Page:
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Re: digital age



Richard Miller mentioned problems converting some back issues of digital
records of a newsletter.

The following was posted this morning on the Medieval Text List:

Date:    Wed, 10 Feb 1999 09:04:59 CST
From:    Jim Marchand <marchand@UX1.CSO.UIUC.EDU>
Subject: Viewing files, was MAC

I mentioned yesterday that there was a file viewer which would open almost
any format, and two people asked me what it was, so I will post here in case
there are other interesteds: It's QuickView Plus.  With it you can view and
print (even bring into your WordProcessor) .uue, .zip, .bmp, .ppt, .doc,
.wpd, etc. files and even view the original embedded codes, if you have a
taste for it.  It views over 200 file types.  Note that I am not shilling
for them, and that you can get lots of different kinds of file viewers from
the net and from Simtel.
Jim Marchand.


As regards the persistence of digital files/formats, it may be useful to
remember that a few years ago, when the (U.S.) National Archives was
thinking about going to CD's for data preservation (after the Library of
Congress had begun exploring/using this technology) they contracted a
study.  The study (sorry, don't have my copy to hand for a citation) was
headed up by a Bell Laboratory scientist, and the conclusion was that only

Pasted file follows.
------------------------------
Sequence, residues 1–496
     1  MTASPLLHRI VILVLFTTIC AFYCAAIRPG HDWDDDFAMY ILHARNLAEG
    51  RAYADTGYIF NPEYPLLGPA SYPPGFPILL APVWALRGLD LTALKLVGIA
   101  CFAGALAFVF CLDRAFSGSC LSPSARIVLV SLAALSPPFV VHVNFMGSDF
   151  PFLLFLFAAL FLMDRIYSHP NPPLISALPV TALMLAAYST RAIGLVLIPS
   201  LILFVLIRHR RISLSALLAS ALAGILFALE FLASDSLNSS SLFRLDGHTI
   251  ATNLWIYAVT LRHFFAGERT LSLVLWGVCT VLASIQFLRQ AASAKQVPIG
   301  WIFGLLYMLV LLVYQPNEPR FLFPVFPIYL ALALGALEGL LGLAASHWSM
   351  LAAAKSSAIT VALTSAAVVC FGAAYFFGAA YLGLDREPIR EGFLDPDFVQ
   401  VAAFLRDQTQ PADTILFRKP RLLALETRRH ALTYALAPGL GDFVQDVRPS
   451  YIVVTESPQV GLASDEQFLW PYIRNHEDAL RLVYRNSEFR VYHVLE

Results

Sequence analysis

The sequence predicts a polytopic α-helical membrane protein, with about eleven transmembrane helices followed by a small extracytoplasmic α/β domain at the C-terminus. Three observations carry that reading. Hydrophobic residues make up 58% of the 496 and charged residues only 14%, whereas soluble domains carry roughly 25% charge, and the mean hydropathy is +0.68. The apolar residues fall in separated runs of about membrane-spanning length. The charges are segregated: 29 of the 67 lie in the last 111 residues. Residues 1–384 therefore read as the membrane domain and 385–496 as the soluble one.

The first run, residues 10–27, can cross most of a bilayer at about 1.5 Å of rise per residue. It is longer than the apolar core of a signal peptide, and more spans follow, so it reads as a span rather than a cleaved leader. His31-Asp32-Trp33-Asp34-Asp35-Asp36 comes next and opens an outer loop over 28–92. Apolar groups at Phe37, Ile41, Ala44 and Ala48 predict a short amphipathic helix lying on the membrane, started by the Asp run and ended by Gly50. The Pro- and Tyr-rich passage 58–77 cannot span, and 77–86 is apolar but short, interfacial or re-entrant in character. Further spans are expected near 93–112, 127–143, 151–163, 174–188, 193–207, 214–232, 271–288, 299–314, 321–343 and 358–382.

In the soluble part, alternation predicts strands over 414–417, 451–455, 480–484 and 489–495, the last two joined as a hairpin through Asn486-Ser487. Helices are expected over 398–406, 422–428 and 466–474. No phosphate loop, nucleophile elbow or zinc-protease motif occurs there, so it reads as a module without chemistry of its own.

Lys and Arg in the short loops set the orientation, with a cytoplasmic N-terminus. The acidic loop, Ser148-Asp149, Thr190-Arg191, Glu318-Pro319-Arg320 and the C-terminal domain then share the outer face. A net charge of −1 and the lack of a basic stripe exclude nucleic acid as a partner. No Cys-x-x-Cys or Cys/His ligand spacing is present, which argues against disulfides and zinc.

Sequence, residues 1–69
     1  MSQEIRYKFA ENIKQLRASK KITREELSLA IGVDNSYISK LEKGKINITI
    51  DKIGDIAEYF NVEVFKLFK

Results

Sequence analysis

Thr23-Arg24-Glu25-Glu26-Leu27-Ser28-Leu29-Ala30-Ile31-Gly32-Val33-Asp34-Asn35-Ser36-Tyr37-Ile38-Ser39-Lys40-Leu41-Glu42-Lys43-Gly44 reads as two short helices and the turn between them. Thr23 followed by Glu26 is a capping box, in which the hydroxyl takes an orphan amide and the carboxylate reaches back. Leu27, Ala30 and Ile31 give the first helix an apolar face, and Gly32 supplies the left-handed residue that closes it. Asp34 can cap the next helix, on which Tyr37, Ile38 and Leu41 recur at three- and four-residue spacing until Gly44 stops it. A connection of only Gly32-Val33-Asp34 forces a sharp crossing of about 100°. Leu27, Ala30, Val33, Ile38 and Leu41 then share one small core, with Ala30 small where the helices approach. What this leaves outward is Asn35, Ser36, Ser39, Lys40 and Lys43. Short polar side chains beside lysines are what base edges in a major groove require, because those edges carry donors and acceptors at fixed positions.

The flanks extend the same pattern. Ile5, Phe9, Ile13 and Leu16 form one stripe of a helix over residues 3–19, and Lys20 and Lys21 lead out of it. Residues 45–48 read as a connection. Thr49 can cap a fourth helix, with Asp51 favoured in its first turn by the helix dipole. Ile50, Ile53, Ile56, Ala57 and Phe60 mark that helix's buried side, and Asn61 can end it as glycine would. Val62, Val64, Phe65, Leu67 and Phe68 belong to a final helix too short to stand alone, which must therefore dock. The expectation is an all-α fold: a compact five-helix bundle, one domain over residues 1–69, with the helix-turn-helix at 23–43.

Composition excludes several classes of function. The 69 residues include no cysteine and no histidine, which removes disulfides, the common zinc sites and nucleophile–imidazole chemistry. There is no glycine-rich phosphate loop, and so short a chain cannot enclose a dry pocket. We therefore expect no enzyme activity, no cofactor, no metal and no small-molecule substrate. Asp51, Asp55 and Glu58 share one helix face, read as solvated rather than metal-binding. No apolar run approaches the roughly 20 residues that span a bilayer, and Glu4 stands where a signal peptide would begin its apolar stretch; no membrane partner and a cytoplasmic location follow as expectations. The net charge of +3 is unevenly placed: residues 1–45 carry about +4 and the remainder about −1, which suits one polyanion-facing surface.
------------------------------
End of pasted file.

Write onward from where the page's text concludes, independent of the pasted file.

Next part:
human-readable records could be considered permanent.  That meant paper or
microfilm.

The National Archives ignored the recommendation and went for glitz.

In the late 1980's I attended an archival conference in British Columbia
and among the exhibitors was a company selling these new fangled CD-ROMs.
At the time, there were two companies in the US with the capability of
producing CD masters; Kodak and some other firm.  The cost to master a CD
at the time was approx. $10,000.

One of the salesmen poured catsup on a CD and then stepped on it.  After
cleaning, the CD was put in the CD player and the data were still there.

Remarkable!

But the length of time that the data contained on a CD is viable is not the
issue, as others have mentioned.

The length of time that the data may be recovered is the issue.

Vacuum tubes and resistors are hardy bits of technology.  Solid circuit
boards, transistors, and computer chips are not hardy.  They degrade over
time because they are the product of ephemeral technology.  The laser beam
which reflects data bits from the divots on a CD can go awry, and when it
does (and it will) who will re-callibrate it?

When the drive motor on the CD goes bad (and it will) who will carry the
replacement motor?  In 20 years/30 years?  I have been unable to locate a
replacement cooling fan for an old (5 yr. old) 500 megabyte hard drive.
The original manufacturer (still in business) could not do so, and neither
could anyone else.

The information on wax cylinders, shellac records (78 RPM records), glass
records, and vinyl records can still be recovered, even when the belts on
the players have gone stiff and break up, because new belts are easy to
make.  Needles?  Gem quality needles are best, but I have played old 78's
with nothing more complicated than a cactus needle (yes, from a cactus
plant).

Recovering the information from old wires is more difficult (wire recorders
were the Beta & 8-track format of their day).  In this instance, the
machines may still work, but so many of the reels of wire were kinked &
pinched and turned into rat's nests that it is hardly worth the effort to
untangle them.  Probably.

Just a thought,

Jack



Jack C. Thompson
Thompson Conservation Lab.
7549 N. Fenwick
Portland, OR  97217

503/735-3942  (voice/fax)

http://www.teleport.com/~tcl


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